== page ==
Strictly star Gorka Márquez has said reports that some pro dancers on the show are refusing to be vaccinated against Covid are "just speculation".
Saturday's show is due to go ahead as planned following stories published by The Sun that three of the professional dancers are unvaccinated.
The BBC said it has never confirmed the vaccination status of anyone on the show, adding: "It's not our place to."
Márquez told This Morning everyone is free to make their own decision.
His celebrity dance partner, soap star Katie McGlynn, added that the decision about whether or not to get vaccinated "depends on each individual".
'None of our business'
Speaking to the ITV programme on Thursday, Márquez said: "What I know is the show is taking big responsibility to keep everyone safe.
"Lots of testing, lots of trying to keep everyone distanced and safe [while in] the studio. They did it last year, we were all safe so this year they are doing the same and it will work because we did it last year."
Asked about the vaccine reports, he replied: "Everyone is free to do whatever they want.
"You go in the streets right now and some people might be vaccinated and some people might not."
McGlynn said the decision on vaccines "depends on each individual", adding: "I personally don't know everybody's situation, because it's none of our business because we have to keep separate from everybody else.
"But everybody's getting on like a house on fire and seem to be gelling well and I just think it's all speculation."
McGlynn noted how dancers on this year's show have "a bit more freedom" compared to last year, when vaccines were not readily available.
She said if she was at all worried about catching or spreading Covid she would keep away from her family for the duration of the show.
Speaking on ITV's Lorraine earlier on Thursday, celebrity chef and social media star Tilly Ramsay stressed the show's producers were "working so hard" on health and safety.
Ramsay, the daughter of famous chef Gordon, will dance the waltz with her partner Nikita Kuzmin on the long-running BBC One show on Saturday.
When asked if the programme was strict about Covid protocols, she replied: "It definitely is.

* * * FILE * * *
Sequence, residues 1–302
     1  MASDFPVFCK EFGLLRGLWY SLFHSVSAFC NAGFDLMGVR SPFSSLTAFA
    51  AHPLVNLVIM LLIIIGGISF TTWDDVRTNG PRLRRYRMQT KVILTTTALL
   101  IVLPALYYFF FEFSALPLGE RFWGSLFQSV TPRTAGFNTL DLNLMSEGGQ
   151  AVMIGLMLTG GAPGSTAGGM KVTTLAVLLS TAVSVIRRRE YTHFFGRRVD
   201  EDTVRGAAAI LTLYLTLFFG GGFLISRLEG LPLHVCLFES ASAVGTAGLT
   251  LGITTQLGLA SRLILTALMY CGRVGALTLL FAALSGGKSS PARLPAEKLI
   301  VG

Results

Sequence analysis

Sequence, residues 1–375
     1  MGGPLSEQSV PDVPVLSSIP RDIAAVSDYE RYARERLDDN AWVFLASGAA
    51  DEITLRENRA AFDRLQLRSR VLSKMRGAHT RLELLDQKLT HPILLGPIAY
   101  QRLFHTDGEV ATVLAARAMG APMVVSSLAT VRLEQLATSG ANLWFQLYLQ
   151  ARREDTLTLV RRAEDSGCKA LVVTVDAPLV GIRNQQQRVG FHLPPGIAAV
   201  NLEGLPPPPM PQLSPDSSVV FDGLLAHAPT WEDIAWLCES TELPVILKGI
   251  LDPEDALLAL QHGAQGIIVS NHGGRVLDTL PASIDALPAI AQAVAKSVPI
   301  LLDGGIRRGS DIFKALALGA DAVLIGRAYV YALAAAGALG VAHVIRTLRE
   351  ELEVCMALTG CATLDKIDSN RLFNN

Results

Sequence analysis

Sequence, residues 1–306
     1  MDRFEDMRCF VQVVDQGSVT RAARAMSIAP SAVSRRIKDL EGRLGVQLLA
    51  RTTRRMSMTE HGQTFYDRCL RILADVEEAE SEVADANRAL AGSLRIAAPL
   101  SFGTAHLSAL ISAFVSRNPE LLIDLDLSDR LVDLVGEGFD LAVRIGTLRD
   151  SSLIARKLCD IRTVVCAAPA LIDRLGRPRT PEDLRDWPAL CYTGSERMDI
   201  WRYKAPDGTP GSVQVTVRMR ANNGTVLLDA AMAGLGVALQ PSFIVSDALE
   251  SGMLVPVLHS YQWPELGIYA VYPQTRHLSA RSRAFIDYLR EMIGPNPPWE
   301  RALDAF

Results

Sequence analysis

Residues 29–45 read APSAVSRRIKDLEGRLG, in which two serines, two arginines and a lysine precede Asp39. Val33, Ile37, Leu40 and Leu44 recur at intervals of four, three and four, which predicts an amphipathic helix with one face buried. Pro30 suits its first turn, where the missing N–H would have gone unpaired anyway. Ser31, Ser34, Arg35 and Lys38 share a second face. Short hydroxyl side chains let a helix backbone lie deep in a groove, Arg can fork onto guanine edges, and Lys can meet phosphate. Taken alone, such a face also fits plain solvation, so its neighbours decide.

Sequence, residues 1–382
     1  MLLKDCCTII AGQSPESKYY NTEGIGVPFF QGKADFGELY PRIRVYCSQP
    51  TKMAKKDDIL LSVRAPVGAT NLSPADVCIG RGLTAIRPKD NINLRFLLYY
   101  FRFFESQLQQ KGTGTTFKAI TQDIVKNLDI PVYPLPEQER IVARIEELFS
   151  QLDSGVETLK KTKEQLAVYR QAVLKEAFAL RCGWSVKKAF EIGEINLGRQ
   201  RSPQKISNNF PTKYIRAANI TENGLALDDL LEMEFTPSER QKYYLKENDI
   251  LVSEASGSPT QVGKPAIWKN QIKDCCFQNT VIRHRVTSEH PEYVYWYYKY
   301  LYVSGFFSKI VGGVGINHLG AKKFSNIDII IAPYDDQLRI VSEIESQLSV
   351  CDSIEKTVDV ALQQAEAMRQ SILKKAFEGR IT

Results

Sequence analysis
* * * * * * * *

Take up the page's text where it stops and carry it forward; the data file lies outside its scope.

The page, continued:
"Firstly, I think it's just amazing that they've been able to even put the show on," she said. "They're working so hard to keep everyone safe and I think we definitely do feel safe there."
The pair confirmed they were in a bubble and being tested regularly.
In an updated statement released on Thursday, the BBC said it is "not the case" that anyone has threatened to quit Strictly Come Dancing over the Covid-19 vaccination row, or raised concerns with the BBC or the show's production team.
The corporation said: "A lot has been written about vaccinations and Strictly in recent days. The BBC has never commented nor confirmed the vaccination status of anyone on the show. It's not our place to.
"It is not the case that concerns have been raised with the BBC or the Strictly production team from dancers or celebrities about vaccination, or that they have threatened to quit.
"We have in place strict procedures to protect those on the show and the wider production. Among the many measures in place on Strictly, the dancers are tested regularly to be in close contact with their partners.
"The cast, crew and everyone working on Strictly are focused on this weekend's first live show and delivering another brilliant series."
Interest in the Strictly vaccination speculation made it all the way to Washington DC on Wednesday, where the prime minister gave journalists his view on the matter.
"I think that that's a matter for the [Strictly] producers but I strongly believe that people should get vaccinated," he said.
"I don't want to bully people or to lecture them but, well I don't mind lecturing them, I'll lecture them: I think it is a great thing to do for yourself, your family, your community.
"I think people should get a jab and it is a wonderful thing to do."
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The NHS website states that vaccines are "the best way to protect yourself and others" against Covid, adding that they reduce the risk of people getting seriously ill or dying from the virus, while also lessening the chances of them catching or spreading it.
However, the guidance also states that vaccinated people can still catch and spread coronavirus.